Vespa history and facts
Vespa was the original scooter, designed to offer fast, cheap transport. Other mopeds have long emulated its classic step-through design, but Vespa continues to rank among the world’s best scooters.
Piaggio, the Italian company behind the Vespa, has remained true to the original concept. But it has continued to innovate over the years, incorporating new technology and providing more choice.
Piaggio was established in 1884 as a train builder in Genoa, northwest Italy. The company soon expanded its areas of expertise to include aircraft and motorboats.
But following the Second World War, Piaggio focused on developing 2-wheelers to meet an urgent need for affordable and user-friendly transport. It launched the first Vespa in 1946 - the Vespa 98 - and the company still draws on the same iconic, step-through design to this day.
The Vespa quickly became part of Italian culture – 1 million units were manufactured within its first decade. Named after the Italian word for wasp, Vespa’s growing popularity created a new word, ‘vespare’, which means ‘to go somewhere on a Vespa’
The scooter achieved global fame after Gregory Peck and Audrey Hepburn were seen riding around on one in the 1953 film Roman Holiday. In 1962, surrealist painter Salvador Dalí decided to customise a Vespa with some of his artwork.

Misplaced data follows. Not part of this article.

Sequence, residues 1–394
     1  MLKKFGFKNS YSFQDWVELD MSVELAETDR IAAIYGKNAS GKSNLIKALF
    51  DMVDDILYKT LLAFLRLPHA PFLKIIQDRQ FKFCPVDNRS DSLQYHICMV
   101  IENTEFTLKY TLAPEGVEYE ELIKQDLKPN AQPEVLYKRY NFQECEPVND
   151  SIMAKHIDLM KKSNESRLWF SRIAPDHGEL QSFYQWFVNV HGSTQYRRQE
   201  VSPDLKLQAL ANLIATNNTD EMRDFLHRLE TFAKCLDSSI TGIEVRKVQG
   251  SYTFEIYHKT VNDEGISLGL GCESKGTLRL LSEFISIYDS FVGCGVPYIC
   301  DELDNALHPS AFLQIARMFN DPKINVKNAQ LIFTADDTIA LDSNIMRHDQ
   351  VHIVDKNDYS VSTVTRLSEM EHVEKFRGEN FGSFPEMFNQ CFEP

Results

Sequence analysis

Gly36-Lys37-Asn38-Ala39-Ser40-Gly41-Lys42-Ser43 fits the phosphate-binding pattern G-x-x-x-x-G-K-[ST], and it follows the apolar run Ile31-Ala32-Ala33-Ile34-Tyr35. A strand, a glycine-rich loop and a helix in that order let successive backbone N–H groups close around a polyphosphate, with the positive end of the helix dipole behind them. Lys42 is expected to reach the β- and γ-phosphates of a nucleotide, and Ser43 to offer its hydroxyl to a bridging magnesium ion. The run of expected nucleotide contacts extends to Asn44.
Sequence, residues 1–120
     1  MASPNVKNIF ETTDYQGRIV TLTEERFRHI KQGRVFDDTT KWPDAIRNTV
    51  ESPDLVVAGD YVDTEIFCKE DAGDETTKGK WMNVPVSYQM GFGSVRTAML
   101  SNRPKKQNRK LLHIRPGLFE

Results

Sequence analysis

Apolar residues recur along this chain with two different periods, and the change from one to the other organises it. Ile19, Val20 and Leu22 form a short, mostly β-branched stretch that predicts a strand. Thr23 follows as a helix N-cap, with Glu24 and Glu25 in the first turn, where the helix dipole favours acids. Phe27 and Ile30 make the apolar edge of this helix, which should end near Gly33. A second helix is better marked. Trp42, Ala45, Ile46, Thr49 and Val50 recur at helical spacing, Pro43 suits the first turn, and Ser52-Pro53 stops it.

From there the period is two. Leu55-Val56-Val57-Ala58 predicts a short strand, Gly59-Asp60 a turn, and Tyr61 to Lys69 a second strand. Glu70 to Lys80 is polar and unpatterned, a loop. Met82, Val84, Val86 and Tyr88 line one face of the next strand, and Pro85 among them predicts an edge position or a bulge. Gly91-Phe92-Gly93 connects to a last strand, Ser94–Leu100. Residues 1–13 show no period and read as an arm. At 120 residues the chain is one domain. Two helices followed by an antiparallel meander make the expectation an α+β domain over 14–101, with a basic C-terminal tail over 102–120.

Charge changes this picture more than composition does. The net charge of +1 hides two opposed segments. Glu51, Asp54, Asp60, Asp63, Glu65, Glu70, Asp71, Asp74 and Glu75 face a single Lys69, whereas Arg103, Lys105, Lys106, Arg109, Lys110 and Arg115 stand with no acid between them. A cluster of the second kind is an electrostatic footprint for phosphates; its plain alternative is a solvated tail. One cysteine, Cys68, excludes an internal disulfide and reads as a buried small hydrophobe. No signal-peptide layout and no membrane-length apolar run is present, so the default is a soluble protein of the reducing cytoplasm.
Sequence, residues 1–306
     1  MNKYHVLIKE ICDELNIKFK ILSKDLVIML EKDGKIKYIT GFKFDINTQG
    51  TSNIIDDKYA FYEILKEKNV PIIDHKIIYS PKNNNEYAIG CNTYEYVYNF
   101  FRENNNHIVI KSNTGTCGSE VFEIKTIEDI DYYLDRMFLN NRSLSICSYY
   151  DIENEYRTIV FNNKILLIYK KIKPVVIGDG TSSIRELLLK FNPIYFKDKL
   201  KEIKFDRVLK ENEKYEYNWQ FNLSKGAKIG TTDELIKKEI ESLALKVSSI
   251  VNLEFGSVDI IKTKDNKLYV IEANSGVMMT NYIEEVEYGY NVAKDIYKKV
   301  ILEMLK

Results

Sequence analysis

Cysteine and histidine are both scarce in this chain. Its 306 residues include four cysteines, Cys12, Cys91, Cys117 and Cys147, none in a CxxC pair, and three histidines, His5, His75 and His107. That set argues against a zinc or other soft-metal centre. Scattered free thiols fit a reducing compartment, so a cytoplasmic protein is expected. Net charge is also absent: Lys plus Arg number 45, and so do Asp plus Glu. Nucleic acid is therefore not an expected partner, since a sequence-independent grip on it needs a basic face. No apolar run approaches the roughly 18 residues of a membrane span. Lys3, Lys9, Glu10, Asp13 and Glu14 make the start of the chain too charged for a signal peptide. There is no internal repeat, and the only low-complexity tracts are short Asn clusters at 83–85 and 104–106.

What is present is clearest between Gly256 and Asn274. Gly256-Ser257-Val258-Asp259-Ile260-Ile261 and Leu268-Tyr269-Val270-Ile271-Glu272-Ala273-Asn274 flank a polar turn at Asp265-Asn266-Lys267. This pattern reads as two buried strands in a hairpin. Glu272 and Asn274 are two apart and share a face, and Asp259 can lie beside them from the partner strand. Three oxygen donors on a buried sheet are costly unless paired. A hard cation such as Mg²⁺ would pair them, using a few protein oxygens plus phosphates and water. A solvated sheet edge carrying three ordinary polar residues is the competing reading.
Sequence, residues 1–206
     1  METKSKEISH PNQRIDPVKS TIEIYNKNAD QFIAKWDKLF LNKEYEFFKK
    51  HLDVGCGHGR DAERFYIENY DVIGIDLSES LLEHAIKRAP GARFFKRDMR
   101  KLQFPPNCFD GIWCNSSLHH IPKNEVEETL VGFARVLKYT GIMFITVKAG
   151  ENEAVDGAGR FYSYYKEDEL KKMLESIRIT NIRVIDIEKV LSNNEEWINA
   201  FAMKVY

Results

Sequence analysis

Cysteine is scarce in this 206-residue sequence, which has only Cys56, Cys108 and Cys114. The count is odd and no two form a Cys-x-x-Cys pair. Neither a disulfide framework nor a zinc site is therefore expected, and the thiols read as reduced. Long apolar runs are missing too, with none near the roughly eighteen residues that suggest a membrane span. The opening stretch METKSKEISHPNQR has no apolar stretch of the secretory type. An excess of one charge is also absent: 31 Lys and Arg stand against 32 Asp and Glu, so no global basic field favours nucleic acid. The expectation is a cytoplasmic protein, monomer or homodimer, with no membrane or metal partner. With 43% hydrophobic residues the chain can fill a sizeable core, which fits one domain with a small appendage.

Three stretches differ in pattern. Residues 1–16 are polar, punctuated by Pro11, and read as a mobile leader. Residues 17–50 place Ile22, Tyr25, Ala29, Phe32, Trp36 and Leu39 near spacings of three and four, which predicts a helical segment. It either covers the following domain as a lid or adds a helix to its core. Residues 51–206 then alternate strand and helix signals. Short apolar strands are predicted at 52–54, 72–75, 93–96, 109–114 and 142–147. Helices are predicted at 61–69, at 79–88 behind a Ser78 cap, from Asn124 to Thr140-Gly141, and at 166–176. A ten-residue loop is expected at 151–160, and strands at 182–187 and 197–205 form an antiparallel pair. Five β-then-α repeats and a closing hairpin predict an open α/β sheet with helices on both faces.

During the 1960s, the UK became the world’s biggest market for the Vespa as the scooter surged in popularity with Mod subculture. The UK is still Vespa’s second biggest market, behind Italy.
By the scooter’s 75th anniversary in 2021, over 19 million Vespas had been produced worldwide, with 2 million made within the past decade. The Vespa continues to be immortalised in popular culture and features prominently in Disney Pixar’s 2021 film Luca.
Listed on the Italian stock exchange, today Piaggio is dedicated to making scooters, motorcycles and light commercial vehicles. Alongside Vespa, the company’s scooter and motorcycle brands include:
- Moto Guzzi
Piaggio’s scooters and motorcycles are made at a sprawling factory in Tuscany, central Italy. The company also has manufacturing facilities in Vietnam and India to meet demand in Asia.
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